Attorney General Ibrahim Riffath on Wednesday chose to submit a written response to a no-confidence motion filed against him, foregoing the option to appear before the parliament. The motion accuses him of neglecting national interests and ceding a portion of the Maldives’ territorial waters in a recent case at the International Tribunal for the Law of the Sea (ITLOS).
According to the Maldivian Constitution, a minister has the right to orally and in writing defend themselves during a debate on a no-confidence motion in parliament. However, Riffath’s absence raised questions about the continuation of the proceedings. Speaker Mohamed Nasheed announced that the General Committee of the Parliament had granted Riffath 30 minutes to appear in parliament and speak in his defense.
Despite the allocated time, the Attorney General chose not show up for the session and instead submitted a written defence, which created disagreements among members on how to move forward with the proceedings. Speaker Nasheed expressed his disappointment, stating, “The Constitution stipulates that a minister should be given a full opportunity to answer no-confidence motions.”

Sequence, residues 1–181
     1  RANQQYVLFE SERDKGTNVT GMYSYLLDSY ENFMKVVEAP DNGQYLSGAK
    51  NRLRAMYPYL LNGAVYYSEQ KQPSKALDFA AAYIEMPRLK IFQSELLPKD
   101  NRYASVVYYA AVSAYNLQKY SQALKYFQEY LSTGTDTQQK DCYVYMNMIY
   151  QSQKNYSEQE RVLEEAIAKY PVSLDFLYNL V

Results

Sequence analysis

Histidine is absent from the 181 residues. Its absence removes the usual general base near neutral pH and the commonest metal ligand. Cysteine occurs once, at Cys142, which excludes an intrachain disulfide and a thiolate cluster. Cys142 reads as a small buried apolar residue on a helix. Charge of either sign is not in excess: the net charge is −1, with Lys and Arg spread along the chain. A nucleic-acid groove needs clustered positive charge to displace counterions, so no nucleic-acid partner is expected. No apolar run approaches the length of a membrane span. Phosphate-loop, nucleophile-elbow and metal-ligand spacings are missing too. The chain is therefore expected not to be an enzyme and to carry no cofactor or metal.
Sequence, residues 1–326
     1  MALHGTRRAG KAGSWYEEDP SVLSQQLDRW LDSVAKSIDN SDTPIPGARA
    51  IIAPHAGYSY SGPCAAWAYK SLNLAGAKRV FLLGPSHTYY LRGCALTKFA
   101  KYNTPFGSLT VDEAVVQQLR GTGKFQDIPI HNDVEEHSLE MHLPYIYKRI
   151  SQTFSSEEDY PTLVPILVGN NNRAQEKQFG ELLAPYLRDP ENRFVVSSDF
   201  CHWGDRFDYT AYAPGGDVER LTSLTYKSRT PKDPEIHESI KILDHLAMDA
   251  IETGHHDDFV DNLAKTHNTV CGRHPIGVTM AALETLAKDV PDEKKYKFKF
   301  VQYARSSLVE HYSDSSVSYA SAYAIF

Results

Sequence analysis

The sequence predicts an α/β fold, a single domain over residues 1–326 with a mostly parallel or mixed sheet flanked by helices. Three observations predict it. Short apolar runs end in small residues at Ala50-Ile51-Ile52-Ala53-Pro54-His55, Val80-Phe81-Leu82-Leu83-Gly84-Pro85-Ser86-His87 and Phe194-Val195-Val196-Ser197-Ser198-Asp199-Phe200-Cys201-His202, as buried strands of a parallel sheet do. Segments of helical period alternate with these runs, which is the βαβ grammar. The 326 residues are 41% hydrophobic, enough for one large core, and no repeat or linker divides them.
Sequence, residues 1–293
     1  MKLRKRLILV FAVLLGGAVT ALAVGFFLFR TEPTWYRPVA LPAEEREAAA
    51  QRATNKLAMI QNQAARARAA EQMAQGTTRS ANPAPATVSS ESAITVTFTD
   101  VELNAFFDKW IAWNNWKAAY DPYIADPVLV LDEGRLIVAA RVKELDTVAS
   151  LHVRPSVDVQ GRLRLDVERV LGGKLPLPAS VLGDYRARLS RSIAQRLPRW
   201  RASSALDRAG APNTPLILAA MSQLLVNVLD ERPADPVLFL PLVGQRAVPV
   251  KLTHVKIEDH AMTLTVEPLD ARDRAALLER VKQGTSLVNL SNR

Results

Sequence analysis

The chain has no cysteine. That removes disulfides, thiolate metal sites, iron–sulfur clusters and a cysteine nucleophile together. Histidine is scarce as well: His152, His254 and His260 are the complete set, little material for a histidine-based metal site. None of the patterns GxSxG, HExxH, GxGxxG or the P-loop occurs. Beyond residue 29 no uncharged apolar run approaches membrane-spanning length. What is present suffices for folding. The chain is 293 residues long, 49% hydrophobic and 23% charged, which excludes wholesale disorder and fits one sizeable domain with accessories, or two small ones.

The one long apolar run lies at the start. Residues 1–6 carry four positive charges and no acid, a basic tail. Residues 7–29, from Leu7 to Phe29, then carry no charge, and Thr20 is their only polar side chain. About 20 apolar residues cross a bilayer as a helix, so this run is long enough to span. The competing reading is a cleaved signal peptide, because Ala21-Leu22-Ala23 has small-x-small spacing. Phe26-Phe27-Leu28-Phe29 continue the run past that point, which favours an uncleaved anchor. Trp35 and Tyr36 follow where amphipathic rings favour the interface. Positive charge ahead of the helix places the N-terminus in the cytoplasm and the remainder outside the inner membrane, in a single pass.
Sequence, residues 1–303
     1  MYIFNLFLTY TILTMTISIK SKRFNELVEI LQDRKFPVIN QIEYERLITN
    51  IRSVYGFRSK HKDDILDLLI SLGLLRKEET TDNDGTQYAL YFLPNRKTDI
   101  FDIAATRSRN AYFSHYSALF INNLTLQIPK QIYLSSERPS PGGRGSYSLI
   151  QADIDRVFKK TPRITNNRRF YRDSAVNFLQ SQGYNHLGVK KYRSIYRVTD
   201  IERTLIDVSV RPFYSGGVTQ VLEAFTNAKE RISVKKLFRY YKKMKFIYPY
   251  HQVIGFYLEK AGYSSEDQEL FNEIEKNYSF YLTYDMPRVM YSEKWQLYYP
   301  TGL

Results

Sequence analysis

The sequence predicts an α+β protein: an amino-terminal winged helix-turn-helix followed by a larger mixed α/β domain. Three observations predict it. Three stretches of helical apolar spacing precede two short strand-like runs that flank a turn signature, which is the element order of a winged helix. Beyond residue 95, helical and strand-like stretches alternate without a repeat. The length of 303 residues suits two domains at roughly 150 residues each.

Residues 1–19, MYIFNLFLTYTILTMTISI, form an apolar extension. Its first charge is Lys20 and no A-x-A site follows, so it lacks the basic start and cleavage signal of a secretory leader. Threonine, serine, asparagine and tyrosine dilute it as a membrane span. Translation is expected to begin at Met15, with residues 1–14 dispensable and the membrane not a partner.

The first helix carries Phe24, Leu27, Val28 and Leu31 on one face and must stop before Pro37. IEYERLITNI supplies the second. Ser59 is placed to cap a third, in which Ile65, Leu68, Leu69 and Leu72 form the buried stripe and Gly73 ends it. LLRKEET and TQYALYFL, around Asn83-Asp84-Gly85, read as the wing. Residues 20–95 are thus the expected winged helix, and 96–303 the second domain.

In response to the situation, members aligned with the government raised points of order, suggesting that the issue should be moved forward after consulting the majority leader and minority leader of the parliament. Considering this point of order, Speaker Nasheed accepted it and adjourned the session for further discussion. However, the discussion failed to yield a resolution.
Meanwhile, opposition members of Parliament (MPs) are also pressing ahead with a no-confidence motion against Foreign Minister Abdulla Shahid. Similar to Riffath, Shahid stands accused of neglecting national interests in the ITLOS case.
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